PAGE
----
Award for best paper to PhD student

PhD student Tiago Cortinhal from the School of Information Technology received the ”Best Student Paper Award” at the IJCAI 2021AI4AD workshop on Artificial Intelligence for Autonomous Driving.

Photo of a man

Tiago Cortinhal.

"Receiving this award was a happy surprise to me since it showed that this research is appreciated by my peers. This shows that the direction my work is taking is the right one. This recognition will fuel my motivation for the next steps, that's for sure!”, says Tiago Cortinhal, PhD student at the School of Information Technology and the Center for Applied Intelligent Systems Research, CAISR.

Tiago Cortinhal’s work is about semantics-aware multi-modal domain translation, that is generating 360-degree panoramic colour images from LiDAR point clouds. The paper is written together with Eren Erdal Aksoy, who is Tiago Cortinhal's PhD supervisor at Halmstad University, and Fatih Kurnaz at Middle East Technical University.

Tiago, tell us more about the reserach and results!

"The goal of any computer vision system employed in an autonomous vehicle is to ascertain the vehicle's surroundings. This is usually done by performing an abstraction over the data points each sensor is providing in an end-to-end approach by employing sensor fusion and Deep Learning Networks. In this scenario, and because of the sensor fusion, the segmentation network will be dependent on the availability of all sensor modalities, which could be problematic in the eventuality of a sensor failure.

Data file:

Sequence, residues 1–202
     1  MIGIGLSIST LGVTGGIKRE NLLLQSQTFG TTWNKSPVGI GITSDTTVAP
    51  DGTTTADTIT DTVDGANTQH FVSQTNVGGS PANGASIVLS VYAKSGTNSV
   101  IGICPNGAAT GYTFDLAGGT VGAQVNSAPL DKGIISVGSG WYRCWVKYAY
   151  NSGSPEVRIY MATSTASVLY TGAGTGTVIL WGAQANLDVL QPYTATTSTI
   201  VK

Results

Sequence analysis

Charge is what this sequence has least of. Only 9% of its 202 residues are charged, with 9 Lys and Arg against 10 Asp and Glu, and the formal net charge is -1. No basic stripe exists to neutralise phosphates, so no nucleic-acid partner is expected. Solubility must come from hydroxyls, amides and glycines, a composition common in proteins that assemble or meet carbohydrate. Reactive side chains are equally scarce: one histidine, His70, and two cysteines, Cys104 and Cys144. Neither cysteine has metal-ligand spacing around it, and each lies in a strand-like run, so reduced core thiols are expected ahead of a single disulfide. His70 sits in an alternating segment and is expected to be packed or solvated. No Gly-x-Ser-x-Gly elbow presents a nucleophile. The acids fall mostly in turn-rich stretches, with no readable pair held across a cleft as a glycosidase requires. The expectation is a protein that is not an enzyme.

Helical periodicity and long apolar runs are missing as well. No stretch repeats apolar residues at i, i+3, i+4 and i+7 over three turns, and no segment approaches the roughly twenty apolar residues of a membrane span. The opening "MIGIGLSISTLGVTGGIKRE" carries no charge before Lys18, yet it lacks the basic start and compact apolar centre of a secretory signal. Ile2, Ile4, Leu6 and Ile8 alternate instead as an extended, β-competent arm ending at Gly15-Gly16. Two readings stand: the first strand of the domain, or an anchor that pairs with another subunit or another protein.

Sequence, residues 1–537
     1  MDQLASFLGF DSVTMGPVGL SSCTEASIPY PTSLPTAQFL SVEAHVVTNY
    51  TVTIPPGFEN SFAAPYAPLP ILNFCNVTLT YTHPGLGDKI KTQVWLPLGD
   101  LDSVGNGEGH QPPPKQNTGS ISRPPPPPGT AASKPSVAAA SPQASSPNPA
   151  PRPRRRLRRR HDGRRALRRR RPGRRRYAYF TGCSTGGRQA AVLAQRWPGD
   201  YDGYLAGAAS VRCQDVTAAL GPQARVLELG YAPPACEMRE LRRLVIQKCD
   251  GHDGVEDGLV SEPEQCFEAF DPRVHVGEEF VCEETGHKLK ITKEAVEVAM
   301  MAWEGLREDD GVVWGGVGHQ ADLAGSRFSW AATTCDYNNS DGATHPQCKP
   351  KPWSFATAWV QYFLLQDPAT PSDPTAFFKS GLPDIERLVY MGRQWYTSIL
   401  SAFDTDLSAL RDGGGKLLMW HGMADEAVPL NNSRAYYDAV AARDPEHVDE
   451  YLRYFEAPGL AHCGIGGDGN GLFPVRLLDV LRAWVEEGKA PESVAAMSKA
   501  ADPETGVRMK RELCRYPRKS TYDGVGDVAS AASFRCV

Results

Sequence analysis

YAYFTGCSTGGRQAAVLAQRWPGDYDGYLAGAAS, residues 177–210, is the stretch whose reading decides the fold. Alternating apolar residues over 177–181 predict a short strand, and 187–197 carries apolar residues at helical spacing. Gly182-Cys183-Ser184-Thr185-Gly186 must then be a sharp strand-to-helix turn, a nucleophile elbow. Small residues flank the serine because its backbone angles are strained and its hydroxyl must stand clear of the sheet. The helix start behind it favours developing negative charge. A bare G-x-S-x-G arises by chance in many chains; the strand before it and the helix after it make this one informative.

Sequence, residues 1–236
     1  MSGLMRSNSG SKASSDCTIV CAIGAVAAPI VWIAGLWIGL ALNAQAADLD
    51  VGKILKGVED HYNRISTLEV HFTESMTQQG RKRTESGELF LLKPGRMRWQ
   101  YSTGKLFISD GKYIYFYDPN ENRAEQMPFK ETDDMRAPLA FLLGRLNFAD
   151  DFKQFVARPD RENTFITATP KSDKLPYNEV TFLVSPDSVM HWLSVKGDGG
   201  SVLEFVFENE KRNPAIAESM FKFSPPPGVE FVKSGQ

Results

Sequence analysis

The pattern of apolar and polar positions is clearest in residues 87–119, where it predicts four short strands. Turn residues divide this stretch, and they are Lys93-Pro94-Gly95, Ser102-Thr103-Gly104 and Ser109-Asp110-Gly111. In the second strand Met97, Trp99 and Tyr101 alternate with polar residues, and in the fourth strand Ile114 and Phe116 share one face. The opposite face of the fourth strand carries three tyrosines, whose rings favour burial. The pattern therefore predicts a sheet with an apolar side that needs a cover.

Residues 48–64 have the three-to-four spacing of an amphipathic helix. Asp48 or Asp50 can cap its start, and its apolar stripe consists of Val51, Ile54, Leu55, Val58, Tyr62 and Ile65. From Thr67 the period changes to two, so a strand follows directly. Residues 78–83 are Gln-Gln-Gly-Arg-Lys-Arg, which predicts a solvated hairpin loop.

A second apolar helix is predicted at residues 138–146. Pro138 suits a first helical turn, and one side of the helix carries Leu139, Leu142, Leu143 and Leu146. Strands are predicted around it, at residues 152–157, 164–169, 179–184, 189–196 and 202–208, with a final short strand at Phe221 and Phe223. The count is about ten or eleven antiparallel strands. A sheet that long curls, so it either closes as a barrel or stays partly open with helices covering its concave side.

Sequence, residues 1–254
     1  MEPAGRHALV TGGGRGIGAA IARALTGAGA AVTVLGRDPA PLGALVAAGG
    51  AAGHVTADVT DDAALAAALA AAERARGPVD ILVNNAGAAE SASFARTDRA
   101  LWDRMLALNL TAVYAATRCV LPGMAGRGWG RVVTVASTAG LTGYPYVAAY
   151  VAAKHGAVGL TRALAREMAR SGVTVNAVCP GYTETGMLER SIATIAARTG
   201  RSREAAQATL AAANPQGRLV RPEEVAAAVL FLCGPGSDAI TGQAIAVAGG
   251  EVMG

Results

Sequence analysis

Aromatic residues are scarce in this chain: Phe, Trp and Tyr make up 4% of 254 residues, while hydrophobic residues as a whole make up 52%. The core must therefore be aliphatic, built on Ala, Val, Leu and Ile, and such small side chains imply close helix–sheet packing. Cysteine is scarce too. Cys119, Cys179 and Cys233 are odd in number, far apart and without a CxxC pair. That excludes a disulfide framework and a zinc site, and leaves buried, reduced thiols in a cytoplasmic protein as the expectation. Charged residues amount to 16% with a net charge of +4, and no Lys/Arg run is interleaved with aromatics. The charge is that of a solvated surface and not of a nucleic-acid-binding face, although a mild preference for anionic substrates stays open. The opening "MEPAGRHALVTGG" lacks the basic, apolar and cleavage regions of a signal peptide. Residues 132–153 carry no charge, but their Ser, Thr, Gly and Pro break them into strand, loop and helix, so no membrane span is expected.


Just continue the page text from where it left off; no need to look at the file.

In this paper, instead of recovering the failing modality directly, we exploit the more abstract semantic segments coming from the online sensor. This abstraction works by assigning a class to every single discrete point of data – in the case of an RGB image, each pixel will have a given category.

Having this abstraction as a middle step provides a "guiding line" to the learning task the network is facing, making the task itself easier than recovering the failing modality directly. It also allows us to have a less sensitive network to changes on the dataset because this abstraction is agnostic to those variations.

In the end, we show that the results when converting those semantic segments back to the sensor space looks more realistic than trying to recover the missing data directly. Still, we can also map the full 360º LiDAR scan to an RGB Image: effectively creating data, the network has never seen.

We have shown we can recover a missing modality by the intermediary of semantic segments. We can use our work to generate data that follows a different dataset distribution, which could be interesting from a data augmentation point of view."